10 tips for free exposure

stock-illustration-20941241-social-network960Once you have pinpointed your audience and understand their motivation, wants and needs, defined content and developed a media strategy then you are ready to use that information to get not only free but effective exposure for your business and your products.

1. Share your knowledge-Offer free workshops and classes.

While this option may seem challenging, it doesn’t have to be nor does it have to be a big or elaborate production.  Invite people for a class or workshop incorporating the services or products you sell. For example, if you are an auto shop offer a class in car maintenance or handling emergency road situations.  Or if you have a thrift or hobby shop use classes as a way to incorporate your product as well as offering new and fun information to your audience.  Tax preparers or accountants can offer seminars on tax tips or how to avoid an audit.

Offer classes or workshops that let customers incorporate your product, educate your target audience and/or learn how to use your services.

For inventive thinkers, the possibilities are endless.

2. Sponsor, donate or volunteer for a charitable event that you are passionate about.  If there is not an event that you feel passionate about —create one.

There are numerous benefits both for you, your business, and your community in supporting a good cause that you are passionate about. This action provides networking and marketing opportunities while also increasing your business’s presence in the community. If you want you can also encourage employees to participate, you will see workplace morale improve as each person feels as though they are making a difference in your community and people will remember your organization for giving back to the community.

3. Offer advice or tips.

Write about how your services or products can help everyday life and post them on your website and on social media. Become the expert your audience is looking for when they have a question pertaining to your products and/or services.

Add a blog to your website.  Keep blog posts short and include visuals (either photos or videos) when applicable.  Provide valuable content for your target audience, write consistently and provide the opportunity for your audience to add comments.  Do this only if you have the manpower to monitor those comments and address them if necessary.  Due to spam and perhaps inappropriate comments, be sure to enable your sites filtering devices so that you see the comment first and have the ability to post it if helpful or delete if not.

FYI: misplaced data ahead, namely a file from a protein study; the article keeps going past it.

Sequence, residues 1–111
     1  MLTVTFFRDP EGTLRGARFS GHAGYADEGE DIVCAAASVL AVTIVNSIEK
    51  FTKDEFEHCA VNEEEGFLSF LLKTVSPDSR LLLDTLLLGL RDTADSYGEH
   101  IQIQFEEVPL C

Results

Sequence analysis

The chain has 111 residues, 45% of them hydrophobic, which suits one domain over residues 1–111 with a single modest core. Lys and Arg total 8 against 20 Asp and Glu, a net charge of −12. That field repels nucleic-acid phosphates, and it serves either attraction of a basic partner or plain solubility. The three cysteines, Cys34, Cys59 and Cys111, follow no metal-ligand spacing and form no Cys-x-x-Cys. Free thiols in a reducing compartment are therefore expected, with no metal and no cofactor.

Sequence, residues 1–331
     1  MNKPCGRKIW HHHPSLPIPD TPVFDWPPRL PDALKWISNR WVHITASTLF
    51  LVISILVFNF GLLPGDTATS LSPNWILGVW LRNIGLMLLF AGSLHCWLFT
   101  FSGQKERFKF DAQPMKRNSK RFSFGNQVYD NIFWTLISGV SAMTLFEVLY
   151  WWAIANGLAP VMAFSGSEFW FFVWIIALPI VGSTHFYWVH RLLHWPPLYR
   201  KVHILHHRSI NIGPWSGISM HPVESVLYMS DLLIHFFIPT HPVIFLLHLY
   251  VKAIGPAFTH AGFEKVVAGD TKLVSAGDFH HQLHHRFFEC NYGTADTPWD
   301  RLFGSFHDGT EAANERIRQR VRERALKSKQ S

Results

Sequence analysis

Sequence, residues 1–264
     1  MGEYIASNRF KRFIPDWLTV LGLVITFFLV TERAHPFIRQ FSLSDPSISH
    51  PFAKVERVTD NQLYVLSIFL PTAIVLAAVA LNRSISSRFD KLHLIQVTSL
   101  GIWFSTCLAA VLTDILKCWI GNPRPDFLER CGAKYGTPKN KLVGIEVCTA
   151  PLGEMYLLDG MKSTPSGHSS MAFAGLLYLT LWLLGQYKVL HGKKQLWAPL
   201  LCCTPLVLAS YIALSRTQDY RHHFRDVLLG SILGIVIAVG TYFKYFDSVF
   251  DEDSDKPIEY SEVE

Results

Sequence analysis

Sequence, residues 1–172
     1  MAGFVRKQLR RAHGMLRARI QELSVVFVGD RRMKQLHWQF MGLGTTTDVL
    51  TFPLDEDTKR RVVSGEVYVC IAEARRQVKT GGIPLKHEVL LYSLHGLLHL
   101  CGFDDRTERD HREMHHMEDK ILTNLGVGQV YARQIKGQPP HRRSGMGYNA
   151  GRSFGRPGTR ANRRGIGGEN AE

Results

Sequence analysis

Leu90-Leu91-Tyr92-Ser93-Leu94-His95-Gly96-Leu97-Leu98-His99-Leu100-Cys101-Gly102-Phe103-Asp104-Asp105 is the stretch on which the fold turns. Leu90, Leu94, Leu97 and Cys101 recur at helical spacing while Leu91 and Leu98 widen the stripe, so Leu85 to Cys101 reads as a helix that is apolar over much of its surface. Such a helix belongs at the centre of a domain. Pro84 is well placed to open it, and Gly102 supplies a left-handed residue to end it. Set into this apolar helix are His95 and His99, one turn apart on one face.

Repurpose blog posts by editing them for the use in social media outlets.  With Facebook and Twitter, you can link to the blog post on your site.  If Pinterest works for you that is another resource to add a company page and link the Pinterest pin to your site.  Using the photos, Instagram is another option.

4. Periodically update your website.

It is a great business practice to keep your website fresh and updated.  This is a good reason to incorporate blogging because it does keep your website fresh with new information and you can add your ideas, photos, videos, product updates, event notices, and company news.

5. Offer current loyal customers incentives and rewards.

I was at a seminar recently where a retail establishment I use and have been a loyal customer for years offered a 20% off on a one time purchase specifically for new customers.  I understand the logic wanting new customers but it is a good idea to make offers also available to your ongoing, loyal customers.  Remember that old saying “ a bird in hand is worth two in the bush.”

Consider giving your VIP customers access to a private membership page on your website that gives them even further advice or suggestions or form a users group.  Ask for their feedback.

6. Speak at applicable events.